Reading reviews and other comments by amateur reviewers is a strange experience. On the one hand, it's a treat to get a sense what real readers think about your writing; on the other, at least a few of those readers can be downright cranky. (One of my books once got a one-star review on Amazon.com because Amazon shipped it too late to be useful to the reader. I notice Amazon axed the review, though whether it was to protect my reputation or theirs is unclear.)

One reviewer (in a generous reivew) notes that "clearly [Lynch] sides with the descriptivists in most every way," which is kinda funny for someone who wrote a thoroughly prescriptive guide to grammar, style, and usage. I've generally resisted the urge to add my own comments to the blogs and discussion forums, thinking that's just a high-tech version of what Paul Fussell memorably described as the "A.B.M." — the Author's Big Mistake of responding to book reviews. But it's not easy to stay quiet, especially in a forum that begs for interaction. (I've also resisted the urge to post anonymous positive reviews of my own books on Amazon.com, the sort of thing James Boswell was doing 250 years ago.)

As I note on the page of shameless self-promotion, where I collect the more prominent professional reviews my books have received, "I'm happy that (so far) I've received no unambiguously negative reviews (though a few have had their reservations)." I suspect that LexDilem is the book that'll change that. People can be surprisingly passionate, or stubborn, about their likes and dislikes in the language, and the odds are good that some reader will be infuriated. Oh, well. It was a good run while it lasted.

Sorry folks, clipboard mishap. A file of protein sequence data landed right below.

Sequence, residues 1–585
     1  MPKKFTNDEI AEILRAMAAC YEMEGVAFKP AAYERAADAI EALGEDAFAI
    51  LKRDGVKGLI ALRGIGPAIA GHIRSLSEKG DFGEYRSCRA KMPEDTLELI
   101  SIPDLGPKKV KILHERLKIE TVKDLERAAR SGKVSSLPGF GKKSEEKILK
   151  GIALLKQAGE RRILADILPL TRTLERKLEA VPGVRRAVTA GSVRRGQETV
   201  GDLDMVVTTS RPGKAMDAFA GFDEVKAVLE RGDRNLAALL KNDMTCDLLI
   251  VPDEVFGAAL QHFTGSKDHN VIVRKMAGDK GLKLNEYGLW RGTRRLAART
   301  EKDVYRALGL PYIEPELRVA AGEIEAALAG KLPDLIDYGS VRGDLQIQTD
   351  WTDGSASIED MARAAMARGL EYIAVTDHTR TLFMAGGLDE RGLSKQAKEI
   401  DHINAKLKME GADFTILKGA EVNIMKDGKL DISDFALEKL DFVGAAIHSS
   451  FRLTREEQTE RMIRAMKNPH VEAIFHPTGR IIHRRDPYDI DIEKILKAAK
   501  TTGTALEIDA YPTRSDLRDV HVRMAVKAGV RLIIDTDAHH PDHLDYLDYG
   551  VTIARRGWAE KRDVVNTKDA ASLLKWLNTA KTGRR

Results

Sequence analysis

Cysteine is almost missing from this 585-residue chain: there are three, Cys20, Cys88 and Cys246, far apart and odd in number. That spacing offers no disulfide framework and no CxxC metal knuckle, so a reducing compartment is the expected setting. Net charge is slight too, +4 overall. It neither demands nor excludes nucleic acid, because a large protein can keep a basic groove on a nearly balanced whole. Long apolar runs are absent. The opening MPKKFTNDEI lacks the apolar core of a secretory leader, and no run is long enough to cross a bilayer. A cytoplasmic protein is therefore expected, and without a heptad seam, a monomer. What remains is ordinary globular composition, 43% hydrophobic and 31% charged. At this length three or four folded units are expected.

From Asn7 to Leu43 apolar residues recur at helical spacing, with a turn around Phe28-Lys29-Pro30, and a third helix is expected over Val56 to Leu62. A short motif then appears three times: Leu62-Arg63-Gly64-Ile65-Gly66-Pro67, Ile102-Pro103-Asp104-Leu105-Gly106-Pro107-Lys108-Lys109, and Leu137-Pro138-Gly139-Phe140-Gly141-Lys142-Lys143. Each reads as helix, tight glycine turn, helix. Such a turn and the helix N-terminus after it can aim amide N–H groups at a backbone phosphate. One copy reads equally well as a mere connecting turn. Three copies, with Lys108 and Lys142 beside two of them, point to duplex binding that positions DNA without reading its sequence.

07 July 2009

Cricket Made Simple

I see the first Ashes test match is starting. After much research, I've finally made sense of cricket.

It turns out it's actually very simple. Someone throws a ball at someone else, who whacks it with a wide stick. After that, everyone runs around the field — yes, field, not "pitch," because pitching is what you do with the ball, not "bowling," because we all know bowling involves rented shoes — everyone runs around the field helter-skelter, randomly going in any direction, while the announcer makes up as many funny-sounding phrases as he can think of, like "silly midwicket," "googly," "diamond duck," and "maiden over." Then they announce that the score is "[some three-digit number] for [some one-digit number]," and everyone nods and pretends to understand. They do this for up to three days, taking occasional breaks for tea, and then go home.

Lewis Carroll understood this well in his description of the caucus race: